07:43 GMT +322 July 2018
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    French President Emmanuel Macron delivers a speech during a special congress gathering both houses of parliament (National Assembly and Senate) at the Versailles Palace, near Paris, France, July 3, 2017.

    'Crisis of Democracy': What Could Be Wrong With Macron's Parliamentary Reform?

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    Following through on his pledge made during the election campaign, French President Emmanuel Macron has outlined plans to cut the number of seats in the parliament by 30 percent, as well as to introduce proportional representation for 15 percent of France’s National Assembly seats.

    Speaking with Sputnik, Frédéric Saint Clair, former adviser to ex-Prime Minister Dominique de Villepin, explained that the envisaged measures are not enough to overcome the “crisis of democracy” that France has been living through for past 20 years.

    “It gives me an impression that they assign a certain place to the minority representatives. But they will be insignificantly represented, and the major part of voters will not be satisfied with three additional MPs from the National Front (FN),” he said, suggesting comparing Marine le Pen’s results with Macron’s during the second round of the presidential election: 10.6 million voters.

    Saint Clair added that even Macron’s top ally, centrist François Bayrou from the Democratic Movement (MoDem), proposed a more significant share for proportional representation – 25 percent of seats.

    “Eventually, these 15 percent satisfy neither the majority [MoDem and the Union of Democrats and Independents counted on more], nor the opposition. It [the executive authority] will lose from this reform, which will barely change anything in the country’s political landscape. It [the government] seeks for political stability and clearly doesn’t want the reform to lead to the need to form alliances [with other parties]. It is clear that the executive authority needs to preserve majority in National Assembly during the voting,” he said.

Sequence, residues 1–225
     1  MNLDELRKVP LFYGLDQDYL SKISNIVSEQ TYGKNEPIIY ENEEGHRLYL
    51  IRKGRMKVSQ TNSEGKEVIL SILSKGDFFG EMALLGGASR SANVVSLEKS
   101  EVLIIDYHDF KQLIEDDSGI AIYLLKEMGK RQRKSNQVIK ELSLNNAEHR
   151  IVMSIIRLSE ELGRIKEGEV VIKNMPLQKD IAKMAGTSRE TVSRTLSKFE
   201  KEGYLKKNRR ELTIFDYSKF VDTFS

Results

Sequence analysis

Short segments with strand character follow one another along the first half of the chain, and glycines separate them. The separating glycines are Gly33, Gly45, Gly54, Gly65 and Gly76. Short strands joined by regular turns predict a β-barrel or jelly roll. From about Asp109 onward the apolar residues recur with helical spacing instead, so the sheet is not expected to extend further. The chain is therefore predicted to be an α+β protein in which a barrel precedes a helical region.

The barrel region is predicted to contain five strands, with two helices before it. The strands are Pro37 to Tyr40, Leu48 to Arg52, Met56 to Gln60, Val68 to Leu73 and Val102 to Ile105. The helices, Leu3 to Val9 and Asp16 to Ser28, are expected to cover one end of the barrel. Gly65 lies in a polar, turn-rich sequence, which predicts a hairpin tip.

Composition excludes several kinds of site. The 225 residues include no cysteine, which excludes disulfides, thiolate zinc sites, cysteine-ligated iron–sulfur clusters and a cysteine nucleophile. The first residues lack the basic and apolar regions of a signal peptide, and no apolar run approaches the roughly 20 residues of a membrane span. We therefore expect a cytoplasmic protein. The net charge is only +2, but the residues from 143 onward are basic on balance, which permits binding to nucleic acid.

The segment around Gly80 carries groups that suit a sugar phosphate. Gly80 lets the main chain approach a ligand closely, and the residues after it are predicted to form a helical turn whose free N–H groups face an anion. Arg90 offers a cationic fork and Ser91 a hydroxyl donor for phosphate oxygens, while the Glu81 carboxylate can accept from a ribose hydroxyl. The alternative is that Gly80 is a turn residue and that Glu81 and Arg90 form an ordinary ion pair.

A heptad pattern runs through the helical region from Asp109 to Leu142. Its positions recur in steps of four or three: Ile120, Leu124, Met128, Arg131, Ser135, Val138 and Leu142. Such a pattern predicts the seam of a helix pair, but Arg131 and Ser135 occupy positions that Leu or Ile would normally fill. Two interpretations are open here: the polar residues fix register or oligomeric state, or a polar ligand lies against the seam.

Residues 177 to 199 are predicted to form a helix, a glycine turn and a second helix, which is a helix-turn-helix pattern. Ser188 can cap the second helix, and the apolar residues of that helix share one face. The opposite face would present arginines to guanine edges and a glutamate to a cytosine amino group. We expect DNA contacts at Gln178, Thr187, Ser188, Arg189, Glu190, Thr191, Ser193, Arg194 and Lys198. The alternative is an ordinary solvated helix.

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    As for Macron’s decision to slash the number of MPs by 30 percent, Saint Clair said that the government has failed to resist populism.

    “If the French think that 560 MPs insufficiently represent their interests, much less will they be satisfied with 404 MPs. Many decisions are influence by populist sentiments, widely supported by candidate [François] Fillon and leftists in relation to reducing the number of MPs, as it is believed that there are too many of them in France, and they come too expensive,” Saint Clair clarified.

    The analyst elaborated that many parliamentarians fear that a 30 percent cut will undermine ties with their constituencies, as the population may think that MPs don’t work when elected.

    The reform, which should be passed next year, would grant smaller parties better representation in the National Assembly, which was their long-running demand, as they complain they are often squeezed out by France’s two-round election system. Parties such as the right-wing National Front, which gained only eight seats despite attracting 13 percent of the votes, will be enabled to gain more seats to reflect the number of votes cast for them during elections.

    The views expressed in this article are solely those of the speaker and do not necessarily reflect the official position of Sputnik.

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    Marine Le Pen, Emmanuel Macron, France
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